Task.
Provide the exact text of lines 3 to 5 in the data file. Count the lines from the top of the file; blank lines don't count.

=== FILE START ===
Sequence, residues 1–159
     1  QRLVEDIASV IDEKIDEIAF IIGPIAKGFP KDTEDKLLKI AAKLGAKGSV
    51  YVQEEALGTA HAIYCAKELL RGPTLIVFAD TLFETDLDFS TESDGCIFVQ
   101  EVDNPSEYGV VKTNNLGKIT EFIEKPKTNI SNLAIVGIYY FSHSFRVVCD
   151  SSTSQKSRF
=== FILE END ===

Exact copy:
    51  YVQEEALGTA HAIYCAKELL RGPTLIVFAD TLFETDLDFS TESDGCIFVQ
   101  EVDNPSEYGV VKTNNLGKIT EFIEKPKTNI SNLAIVGIYY FSHSFRVVCD
   151  SSTSQKSRF